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McDonald's Misses Q2 Profit Forecast As Global Sales Slump; US Re-Openings Paused

McDonald's, which delayed U.S. dining re-openings by another 30 days last week, saw system wide comparable sales fall 24% over the three months ending in June.

McDonald's Corp.  (MCD) - Get Free Report posted weaker-than-expected second quarter earnings Tuesday as global sales slumped amid restaurant closures triggered by the coronavirus pandemic.

McDonald's said adjusted profits for the three months ending in June were pegged at 66 cents per share, down 68% from the same period last year and well shy of the Street consensus forecast of 74 cents per share. Group revenues, McDonald's said, fell 30.5% to $3.76 billion, just ahead of analysts' estimates of a $3.68 billion tally.

Global comparable sales fell 23.9% from last year, McDonald's said, and were down 8.7% in the United States, with breakfast service particularly affected by stay-at-home orders and business closures. 

"Throughout our history, McDonald's has demonstrated the strategic foresight necessary to position our business for the future. Our strong drive-thru presence and the investments we've made in delivery and digital over the past few years have served us well through these uncertain times," said CEO Chris Kempczinski. "We saw continued improvement in our results throughout the second quarter as markets reopened around the world."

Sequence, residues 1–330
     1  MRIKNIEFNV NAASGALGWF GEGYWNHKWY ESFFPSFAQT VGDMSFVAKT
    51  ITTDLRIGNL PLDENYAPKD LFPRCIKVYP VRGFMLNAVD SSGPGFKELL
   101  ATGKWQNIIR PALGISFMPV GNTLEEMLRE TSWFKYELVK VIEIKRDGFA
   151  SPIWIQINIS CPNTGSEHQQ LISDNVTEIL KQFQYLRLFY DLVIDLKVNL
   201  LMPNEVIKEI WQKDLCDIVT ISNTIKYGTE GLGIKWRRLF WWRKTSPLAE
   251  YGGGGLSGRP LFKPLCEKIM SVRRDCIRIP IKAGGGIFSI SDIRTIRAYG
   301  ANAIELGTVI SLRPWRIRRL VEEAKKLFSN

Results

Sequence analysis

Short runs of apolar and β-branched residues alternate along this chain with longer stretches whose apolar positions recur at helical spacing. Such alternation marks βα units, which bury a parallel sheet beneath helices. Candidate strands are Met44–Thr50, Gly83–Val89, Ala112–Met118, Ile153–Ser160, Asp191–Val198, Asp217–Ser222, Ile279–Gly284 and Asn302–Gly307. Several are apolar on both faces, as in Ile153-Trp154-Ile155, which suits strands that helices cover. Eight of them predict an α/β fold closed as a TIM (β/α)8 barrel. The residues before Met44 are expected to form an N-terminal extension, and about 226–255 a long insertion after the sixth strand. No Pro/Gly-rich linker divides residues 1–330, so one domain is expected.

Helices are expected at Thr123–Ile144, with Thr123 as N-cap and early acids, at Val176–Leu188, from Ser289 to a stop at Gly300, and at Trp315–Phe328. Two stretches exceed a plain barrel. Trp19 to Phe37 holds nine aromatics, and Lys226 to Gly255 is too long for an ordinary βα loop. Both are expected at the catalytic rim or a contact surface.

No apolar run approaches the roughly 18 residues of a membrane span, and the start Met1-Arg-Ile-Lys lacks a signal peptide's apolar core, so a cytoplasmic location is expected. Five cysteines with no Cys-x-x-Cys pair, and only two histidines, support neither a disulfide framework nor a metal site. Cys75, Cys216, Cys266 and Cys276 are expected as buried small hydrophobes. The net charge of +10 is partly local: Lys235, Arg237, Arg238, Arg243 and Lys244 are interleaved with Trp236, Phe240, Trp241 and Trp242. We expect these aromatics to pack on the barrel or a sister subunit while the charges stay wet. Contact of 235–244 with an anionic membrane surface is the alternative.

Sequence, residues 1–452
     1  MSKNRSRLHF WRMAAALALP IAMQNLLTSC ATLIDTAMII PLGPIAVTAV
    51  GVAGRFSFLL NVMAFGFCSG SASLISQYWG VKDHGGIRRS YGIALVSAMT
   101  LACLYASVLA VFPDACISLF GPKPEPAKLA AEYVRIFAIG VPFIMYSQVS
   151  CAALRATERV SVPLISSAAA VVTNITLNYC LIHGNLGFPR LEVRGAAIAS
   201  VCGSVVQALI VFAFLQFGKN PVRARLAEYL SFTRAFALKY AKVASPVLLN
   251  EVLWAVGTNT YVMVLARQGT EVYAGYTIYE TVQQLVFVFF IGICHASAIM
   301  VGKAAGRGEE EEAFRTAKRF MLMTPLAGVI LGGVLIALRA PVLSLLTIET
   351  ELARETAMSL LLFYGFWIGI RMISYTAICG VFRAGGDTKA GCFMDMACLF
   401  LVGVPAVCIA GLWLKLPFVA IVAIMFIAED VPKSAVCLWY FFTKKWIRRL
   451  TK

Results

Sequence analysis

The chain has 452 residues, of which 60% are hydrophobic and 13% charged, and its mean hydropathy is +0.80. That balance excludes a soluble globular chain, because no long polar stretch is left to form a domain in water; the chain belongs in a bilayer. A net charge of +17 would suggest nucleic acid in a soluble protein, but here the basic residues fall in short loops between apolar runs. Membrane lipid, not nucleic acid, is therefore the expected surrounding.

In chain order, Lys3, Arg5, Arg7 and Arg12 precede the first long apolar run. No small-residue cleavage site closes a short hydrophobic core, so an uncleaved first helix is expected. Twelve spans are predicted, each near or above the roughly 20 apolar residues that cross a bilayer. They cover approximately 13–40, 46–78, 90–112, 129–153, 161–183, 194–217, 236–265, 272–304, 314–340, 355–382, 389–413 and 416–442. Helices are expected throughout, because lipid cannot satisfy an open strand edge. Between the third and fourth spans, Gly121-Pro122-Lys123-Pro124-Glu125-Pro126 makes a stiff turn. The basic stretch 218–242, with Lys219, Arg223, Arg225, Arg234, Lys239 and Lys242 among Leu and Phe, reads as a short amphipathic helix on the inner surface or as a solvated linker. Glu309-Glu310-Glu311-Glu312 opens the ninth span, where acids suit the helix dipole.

"I'm especially proud of the way the McDonald's System continues to provide a safe environment for both customers and crew, building on our 65 year legacy as a responsible and reliable choice for safe food," he added. "We're confident that the strong foundation we've built, combined with the unique advantages of our System, position us well to continue operating successfully during this pandemic and emerge even stronger."  

McDonald's shares were marked 1% lower in early trading following the earnings release to change hands at $199.29 each, a move that trims the stock's year-to-date gain to around 0.85%.

Last week, McDonald's said it would pause the re-opening of dine-in services for its U.S. restaurants by another 30 days amid the sharp resurgence of coronavirus infections in southern and western states, although nearly all of its domestic locations would remain open for drive-through customers.